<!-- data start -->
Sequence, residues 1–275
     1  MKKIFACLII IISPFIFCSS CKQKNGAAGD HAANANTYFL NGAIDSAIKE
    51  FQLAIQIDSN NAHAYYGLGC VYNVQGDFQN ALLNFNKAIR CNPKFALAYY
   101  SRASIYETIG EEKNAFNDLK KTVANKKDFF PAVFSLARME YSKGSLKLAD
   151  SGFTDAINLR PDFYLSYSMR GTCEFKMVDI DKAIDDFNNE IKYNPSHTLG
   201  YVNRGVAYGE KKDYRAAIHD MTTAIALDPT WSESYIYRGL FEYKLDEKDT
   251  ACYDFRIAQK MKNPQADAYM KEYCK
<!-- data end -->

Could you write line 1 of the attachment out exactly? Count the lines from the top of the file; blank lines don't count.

Sequence, residues 1–275